Author + information
- Received March 24, 2015
- Revision received April 23, 2015
- Accepted May 7, 2015
- Published online October 1, 2015.
- M. Fuad Jan, MBBS, MD,
- Suhail Allaqaband, MD,
- Khawaja Afzal Ammar, MD,
- Sara Fetke, APNP and
- A. Jamil Tajik, MD∗ ()
- Aurora Cardiovascular Services, Aurora Sinai/Aurora St. Luke’s Medical Centers, Milwaukee, Wisconsin
- ↵∗Reprint requests and correspondence:
Dr. A. Jamil Tajik, Aurora Cardiovascular Services, St. Luke’s Medical Center, 2801 West Kinnickinnic River Parkway, #840, Milwaukee, Wisconsin 53215.
Successful percutaneous coronary intervention (PCI) was performed on a 75-year-old woman for an inferior ST-segment elevation myocardial infarction (STEMI) (Figures 1A and 1B, Online Videos 1 and 2). Persistent staining of contrast material (Figure 1C, Online Videos 3 and 4) post-PCI prompted emergent transthoracic echocardiography (TTE) in the catheterization laboratory to rule out pericardial effusion. TTE revealed a small intramural base-to-mid-right ventricular free wall hematoma (RVFWH). The latter progressively increased in size (maximal size, 4 × 2.4 cm) over the next few days to become bilobed, but with no communication with the RV cavity (Figures 1D to 1G, Online Videos 5, 6, 7, 8, 9). Multimodality imaging with computed tomography (Figure 1H) and magnetic resonance imaging (Figure 1I, Online Video 10) confirmed the diagnosis of RVFWH. Repeat TTE 2 months later showed nearly complete resolution of the RVFWH (Figure 1J, Online Video 11) with excellent recovery of peak systolic strain of the right ventricle (from −5% to −25%) (Figures 1K and 1L, Online Video 5).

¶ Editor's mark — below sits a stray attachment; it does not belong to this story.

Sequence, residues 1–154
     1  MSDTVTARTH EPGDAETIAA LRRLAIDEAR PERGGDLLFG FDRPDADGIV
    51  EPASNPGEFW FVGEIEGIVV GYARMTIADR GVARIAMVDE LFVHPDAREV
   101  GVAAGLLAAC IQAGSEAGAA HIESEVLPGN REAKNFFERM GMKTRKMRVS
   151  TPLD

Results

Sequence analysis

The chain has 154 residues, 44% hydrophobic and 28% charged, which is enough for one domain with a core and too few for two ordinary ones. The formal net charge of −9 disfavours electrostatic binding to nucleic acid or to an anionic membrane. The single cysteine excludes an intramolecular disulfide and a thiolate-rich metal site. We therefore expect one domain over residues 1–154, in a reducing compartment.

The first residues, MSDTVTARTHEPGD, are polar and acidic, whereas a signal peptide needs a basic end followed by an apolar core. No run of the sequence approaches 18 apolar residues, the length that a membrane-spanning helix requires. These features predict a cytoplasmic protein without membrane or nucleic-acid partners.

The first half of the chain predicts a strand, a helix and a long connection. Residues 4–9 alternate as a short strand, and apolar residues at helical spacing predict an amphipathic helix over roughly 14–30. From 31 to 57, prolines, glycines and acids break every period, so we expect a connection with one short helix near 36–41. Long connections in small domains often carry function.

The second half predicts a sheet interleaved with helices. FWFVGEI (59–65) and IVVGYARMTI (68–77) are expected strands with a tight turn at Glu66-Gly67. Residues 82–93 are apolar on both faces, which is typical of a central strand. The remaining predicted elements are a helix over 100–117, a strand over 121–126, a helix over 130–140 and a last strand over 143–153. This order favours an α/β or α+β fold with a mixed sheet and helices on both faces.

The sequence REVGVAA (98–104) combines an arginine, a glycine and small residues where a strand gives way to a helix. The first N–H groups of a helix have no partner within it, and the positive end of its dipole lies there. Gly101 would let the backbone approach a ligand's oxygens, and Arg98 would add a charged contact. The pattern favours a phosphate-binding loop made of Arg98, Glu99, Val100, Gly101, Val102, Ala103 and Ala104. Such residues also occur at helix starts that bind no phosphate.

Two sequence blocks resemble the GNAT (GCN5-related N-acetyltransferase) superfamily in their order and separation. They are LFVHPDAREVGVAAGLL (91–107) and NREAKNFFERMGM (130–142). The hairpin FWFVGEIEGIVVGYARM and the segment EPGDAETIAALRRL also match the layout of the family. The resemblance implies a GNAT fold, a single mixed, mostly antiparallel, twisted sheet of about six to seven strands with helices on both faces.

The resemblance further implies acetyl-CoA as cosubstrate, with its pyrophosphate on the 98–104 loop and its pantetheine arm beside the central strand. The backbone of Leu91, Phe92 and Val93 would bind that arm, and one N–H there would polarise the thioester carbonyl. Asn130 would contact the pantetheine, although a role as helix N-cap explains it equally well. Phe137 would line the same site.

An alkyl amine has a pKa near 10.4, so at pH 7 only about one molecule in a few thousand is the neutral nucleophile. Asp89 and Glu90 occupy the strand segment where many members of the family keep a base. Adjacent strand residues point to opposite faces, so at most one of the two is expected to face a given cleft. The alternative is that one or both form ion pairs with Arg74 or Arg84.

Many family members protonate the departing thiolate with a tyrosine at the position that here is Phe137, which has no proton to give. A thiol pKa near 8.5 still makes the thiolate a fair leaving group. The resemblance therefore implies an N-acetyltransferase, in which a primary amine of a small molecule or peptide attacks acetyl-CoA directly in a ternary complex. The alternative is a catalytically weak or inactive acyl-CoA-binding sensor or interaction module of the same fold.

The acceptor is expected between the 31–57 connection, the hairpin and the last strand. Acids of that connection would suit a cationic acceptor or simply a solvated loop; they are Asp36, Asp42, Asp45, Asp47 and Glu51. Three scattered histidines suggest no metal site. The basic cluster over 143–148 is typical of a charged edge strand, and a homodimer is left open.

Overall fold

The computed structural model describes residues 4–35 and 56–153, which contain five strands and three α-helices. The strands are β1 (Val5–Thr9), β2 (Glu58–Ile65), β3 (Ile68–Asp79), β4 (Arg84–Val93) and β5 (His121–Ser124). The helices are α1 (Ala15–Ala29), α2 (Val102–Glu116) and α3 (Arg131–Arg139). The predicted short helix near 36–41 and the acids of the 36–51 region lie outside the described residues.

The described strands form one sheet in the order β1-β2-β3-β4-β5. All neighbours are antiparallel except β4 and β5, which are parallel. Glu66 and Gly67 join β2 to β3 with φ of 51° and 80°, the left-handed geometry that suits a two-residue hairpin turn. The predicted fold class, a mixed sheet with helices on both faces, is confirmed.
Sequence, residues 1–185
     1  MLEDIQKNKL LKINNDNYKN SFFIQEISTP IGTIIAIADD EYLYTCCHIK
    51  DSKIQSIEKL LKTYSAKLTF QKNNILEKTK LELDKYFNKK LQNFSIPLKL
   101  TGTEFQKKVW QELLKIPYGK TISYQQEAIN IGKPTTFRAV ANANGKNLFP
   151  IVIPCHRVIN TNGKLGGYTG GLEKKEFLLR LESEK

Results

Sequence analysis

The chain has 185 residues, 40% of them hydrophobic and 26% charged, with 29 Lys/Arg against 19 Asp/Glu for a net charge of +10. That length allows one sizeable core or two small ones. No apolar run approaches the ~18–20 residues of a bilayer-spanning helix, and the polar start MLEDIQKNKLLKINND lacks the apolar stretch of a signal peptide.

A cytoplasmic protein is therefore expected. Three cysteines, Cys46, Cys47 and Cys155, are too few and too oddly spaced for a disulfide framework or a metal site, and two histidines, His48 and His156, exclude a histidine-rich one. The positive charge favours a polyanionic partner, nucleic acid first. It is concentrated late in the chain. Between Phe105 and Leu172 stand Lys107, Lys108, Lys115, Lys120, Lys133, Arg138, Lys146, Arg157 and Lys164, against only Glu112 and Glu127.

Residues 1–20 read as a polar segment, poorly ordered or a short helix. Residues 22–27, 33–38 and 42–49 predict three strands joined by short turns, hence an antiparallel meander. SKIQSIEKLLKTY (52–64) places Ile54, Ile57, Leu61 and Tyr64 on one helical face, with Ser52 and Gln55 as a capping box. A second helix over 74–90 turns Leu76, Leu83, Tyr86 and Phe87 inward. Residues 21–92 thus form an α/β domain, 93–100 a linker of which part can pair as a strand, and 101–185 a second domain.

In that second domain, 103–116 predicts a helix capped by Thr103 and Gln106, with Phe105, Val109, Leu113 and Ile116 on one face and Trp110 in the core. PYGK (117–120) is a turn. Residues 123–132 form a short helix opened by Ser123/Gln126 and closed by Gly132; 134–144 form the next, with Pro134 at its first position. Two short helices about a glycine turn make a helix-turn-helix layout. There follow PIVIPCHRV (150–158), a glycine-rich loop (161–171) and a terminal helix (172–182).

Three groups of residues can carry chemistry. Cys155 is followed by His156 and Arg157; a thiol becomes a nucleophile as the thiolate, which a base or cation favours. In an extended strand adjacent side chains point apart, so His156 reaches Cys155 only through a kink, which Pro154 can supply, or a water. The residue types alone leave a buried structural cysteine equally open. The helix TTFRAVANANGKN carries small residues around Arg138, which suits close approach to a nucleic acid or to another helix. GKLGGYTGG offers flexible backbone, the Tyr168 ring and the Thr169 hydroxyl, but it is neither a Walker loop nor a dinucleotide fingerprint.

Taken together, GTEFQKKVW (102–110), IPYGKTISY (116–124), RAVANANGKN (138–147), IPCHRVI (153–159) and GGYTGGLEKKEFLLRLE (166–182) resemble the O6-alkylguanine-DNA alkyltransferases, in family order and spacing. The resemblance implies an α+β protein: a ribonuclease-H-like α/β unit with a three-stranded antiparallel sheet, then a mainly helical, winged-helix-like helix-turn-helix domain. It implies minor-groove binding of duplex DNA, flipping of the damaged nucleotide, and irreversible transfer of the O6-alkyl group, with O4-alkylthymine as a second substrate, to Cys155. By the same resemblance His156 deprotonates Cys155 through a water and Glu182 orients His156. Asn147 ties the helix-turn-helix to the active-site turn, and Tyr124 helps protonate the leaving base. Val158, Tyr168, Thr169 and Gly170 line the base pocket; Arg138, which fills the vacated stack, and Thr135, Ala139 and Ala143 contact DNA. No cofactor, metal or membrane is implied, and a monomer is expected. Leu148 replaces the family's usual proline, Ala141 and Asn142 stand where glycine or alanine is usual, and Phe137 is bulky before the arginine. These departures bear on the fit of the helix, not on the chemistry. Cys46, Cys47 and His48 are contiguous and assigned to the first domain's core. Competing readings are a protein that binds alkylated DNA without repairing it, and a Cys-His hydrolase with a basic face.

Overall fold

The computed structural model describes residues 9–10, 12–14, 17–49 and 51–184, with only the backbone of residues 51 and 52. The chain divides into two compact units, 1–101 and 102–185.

Post-infarction intramyocardial hemorrhage/hematoma (involving either the right or left ventricle) after PCI for STEMI is a singular event. The incidence and natural history after PCI in the contemporary era are unknown. Reperfusion post-PCI in the distressed endothelium is likely followed by a complex cascade of events culminating in increased matrix metalloproteinase concentrations, providing a ripe bed for the development of intramyocardial hemorrhage. No comparative studies exist on the best imaging modality to optimize identification of a post-infarction intramyocardial hematoma. Multimodality cardiac imaging as delineated can be useful for both diagnosis and risk stratification.
For the accompanying videos, please see the online version of this article.
- Received March 24, 2015.
- Revision received April 23, 2015.
- Accepted May 7, 2015.
- American College of Cardiology Foundation